At the age of 3, Zoe’s mother noticed that she had a very unsteady gait, which progressed over time, as well as her increased clumsiness, headaches/migraines and shaky hands.
“Due to these symptoms my doctor originally believed I had a brain tumour. I had an MRI, which ruled out the chances of any tumours so I was then sent for an EEG at my local hospital. It came back inconclusive as it was done while I was awake. However, my mum and doctor both knew something more was going on.”
Zoe went for multiple MRIs and EEGs (performed while asleep) and was ultimately diagnosed with nocturnal myoclonic epilepsy and tremors around the age of 7. This meant that Zoe’s seizures only occurred while asleep.
“The way I commonly explain this to those who are unsure is that feeling when you are drifting off to sleep and then your body jolts, waking you up. It can be very unsettling right? Well, that’s what my myoclonic seizures are like. I was placed on Epilim and Lamictal, which caused my hair to fall out and it lowered my calcium levels causing me to break my arms six times before my medication was changed. During this time, when my tremors where probably at their worst, kids at school were quite harsh and would mimic me, which was difficult.”
Over time, Zoe learned that awareness and knowledge around epilepsy is limited, allowing her to empathise with those who perhaps didn’t understand the condition and required more education and knowledge surrounding epilepsy. Thankfully, Zoe’s epilepsy eased towards the end of primary school up until Year 9.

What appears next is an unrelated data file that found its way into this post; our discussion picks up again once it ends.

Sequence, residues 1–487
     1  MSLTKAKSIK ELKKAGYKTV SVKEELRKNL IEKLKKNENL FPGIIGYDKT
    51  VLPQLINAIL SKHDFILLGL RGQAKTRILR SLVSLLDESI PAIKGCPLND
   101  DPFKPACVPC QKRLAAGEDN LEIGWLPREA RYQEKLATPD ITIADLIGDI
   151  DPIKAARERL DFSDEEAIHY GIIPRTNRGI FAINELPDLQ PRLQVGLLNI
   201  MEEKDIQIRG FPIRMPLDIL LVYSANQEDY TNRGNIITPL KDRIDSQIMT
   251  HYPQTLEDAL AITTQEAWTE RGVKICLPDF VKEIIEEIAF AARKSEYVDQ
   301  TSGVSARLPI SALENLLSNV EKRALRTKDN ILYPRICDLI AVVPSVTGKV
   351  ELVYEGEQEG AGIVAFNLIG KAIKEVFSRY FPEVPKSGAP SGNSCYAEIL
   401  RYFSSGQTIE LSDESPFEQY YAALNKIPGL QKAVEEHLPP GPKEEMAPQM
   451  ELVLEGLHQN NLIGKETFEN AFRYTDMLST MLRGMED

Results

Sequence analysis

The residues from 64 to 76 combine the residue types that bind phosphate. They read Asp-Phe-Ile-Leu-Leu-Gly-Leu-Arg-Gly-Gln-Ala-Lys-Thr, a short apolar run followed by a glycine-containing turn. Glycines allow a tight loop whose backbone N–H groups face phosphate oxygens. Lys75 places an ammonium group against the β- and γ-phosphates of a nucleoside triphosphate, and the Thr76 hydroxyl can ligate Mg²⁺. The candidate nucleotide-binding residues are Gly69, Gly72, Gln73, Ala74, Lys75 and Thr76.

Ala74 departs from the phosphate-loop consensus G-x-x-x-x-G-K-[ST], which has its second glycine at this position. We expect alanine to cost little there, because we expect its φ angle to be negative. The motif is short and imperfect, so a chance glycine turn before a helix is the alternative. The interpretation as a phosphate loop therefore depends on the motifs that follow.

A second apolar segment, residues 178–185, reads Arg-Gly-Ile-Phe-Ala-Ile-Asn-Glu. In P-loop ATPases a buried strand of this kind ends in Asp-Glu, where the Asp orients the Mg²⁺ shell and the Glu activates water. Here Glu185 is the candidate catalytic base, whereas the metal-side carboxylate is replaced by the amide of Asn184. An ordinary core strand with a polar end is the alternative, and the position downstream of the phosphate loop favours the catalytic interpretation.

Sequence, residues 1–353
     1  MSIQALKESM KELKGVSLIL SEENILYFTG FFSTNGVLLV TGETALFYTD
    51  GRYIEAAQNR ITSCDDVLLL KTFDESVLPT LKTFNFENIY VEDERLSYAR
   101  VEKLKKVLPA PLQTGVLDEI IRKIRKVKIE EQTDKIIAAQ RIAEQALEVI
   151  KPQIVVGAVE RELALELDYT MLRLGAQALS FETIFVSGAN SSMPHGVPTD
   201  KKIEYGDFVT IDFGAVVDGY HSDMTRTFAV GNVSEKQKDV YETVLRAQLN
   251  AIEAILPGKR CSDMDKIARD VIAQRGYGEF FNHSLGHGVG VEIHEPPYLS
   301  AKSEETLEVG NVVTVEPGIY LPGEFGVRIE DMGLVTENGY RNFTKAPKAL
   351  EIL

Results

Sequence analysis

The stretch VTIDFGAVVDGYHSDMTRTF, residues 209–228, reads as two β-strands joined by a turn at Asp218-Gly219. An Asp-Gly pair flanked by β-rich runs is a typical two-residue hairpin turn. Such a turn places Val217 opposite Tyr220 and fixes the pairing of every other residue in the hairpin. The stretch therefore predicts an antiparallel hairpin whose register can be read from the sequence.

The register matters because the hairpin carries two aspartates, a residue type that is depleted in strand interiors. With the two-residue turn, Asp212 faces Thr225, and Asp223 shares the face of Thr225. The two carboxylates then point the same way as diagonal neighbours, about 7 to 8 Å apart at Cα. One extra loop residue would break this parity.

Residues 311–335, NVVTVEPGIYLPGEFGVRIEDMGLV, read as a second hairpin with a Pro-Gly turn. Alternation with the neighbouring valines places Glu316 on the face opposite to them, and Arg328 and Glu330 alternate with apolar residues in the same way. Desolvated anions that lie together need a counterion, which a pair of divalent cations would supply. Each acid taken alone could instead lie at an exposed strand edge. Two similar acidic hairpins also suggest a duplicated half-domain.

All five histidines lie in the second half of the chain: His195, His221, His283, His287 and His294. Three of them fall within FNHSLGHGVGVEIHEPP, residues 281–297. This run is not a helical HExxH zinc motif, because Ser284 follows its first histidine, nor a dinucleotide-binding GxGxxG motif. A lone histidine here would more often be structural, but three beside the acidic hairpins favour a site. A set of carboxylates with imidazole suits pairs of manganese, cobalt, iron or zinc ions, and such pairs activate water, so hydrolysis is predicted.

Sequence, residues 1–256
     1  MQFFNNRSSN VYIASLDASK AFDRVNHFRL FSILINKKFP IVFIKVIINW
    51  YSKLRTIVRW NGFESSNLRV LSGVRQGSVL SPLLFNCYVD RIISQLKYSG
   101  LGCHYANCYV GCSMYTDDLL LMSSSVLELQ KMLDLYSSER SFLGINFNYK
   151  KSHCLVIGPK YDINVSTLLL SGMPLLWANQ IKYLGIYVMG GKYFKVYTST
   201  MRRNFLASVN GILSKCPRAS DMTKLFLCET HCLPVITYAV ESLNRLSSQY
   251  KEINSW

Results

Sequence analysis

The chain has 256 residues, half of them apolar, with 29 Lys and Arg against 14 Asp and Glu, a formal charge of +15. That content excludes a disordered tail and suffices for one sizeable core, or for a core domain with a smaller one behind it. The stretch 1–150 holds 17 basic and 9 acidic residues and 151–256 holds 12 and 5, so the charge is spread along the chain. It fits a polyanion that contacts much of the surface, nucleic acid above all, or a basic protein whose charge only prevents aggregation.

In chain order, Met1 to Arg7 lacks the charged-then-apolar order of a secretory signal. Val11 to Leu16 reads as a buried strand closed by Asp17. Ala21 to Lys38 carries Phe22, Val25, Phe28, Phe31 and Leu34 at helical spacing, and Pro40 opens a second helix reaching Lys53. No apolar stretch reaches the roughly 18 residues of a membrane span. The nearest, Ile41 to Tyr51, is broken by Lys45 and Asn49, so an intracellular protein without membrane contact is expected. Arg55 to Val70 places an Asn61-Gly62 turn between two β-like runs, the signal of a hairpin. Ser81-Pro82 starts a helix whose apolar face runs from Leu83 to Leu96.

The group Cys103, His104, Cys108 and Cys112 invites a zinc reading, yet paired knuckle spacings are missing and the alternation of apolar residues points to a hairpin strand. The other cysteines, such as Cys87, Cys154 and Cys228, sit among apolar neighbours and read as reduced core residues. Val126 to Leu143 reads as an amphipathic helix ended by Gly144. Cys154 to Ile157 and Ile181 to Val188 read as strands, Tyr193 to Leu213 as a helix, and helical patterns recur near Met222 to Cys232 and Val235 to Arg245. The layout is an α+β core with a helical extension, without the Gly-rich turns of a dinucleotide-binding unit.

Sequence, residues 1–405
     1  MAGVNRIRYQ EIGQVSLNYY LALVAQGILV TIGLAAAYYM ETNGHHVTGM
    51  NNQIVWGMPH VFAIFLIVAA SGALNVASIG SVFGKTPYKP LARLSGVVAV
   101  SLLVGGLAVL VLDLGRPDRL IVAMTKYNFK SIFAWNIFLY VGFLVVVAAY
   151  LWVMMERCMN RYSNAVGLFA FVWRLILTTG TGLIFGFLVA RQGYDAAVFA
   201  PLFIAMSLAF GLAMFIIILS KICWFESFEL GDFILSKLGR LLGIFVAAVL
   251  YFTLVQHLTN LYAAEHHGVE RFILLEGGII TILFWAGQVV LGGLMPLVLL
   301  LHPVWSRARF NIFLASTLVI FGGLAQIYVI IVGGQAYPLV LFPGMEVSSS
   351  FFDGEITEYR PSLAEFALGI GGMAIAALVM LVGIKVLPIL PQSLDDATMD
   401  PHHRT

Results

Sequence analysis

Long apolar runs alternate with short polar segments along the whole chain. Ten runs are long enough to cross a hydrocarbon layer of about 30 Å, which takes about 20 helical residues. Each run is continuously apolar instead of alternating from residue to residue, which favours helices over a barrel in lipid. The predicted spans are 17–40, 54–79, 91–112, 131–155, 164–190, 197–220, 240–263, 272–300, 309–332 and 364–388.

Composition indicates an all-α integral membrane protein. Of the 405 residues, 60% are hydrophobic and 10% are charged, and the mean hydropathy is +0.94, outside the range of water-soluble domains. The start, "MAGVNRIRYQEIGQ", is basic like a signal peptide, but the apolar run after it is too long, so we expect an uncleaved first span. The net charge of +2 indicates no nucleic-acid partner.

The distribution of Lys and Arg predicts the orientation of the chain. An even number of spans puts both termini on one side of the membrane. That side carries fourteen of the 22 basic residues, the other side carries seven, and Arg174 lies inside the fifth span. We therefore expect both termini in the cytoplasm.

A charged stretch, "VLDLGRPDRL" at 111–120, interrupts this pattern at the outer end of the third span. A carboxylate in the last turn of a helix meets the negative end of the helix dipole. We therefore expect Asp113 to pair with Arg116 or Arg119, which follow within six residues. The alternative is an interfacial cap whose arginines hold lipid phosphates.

“My first vivid memory of a myoclonic seizure was when I was sitting in class. I remember jolting and nearly knocking my entire desk over. Immediately after, my arms and legs on my left-hand side turned freezing cold, and then I began experiencing severe pins and needles shortly after. It felt just like a sensation of electric shock. I didn’t know what had happened, until I got home and spoke to mum. I hadn’t experienced a seizure during the day before.”
At this time, Zoe’s seizures were getting worse at night, experiencing them every couple of minutes. Her tremors also worsened, and she was unable to remember anything after they occurred as she was not awake. Though, Zoe found herself waking up just as fatigued as when she went to bed.
Fortunately, Zoe’s medication was altered, with her seizures having been under control and reduced to minimal night time occurrences for the last four years.
“I am now 18 and I have been living with epilepsy for almost twelve years. I have just gained my licence, and even though it has been a challenge, I have learned the power of positivity. If we work together, we can achieve better quality of life and awareness.”
You can help us support people living with epilepsy, like Zoe, by donating today. Visit fundraising.epilepsyfoundation.org.au/donation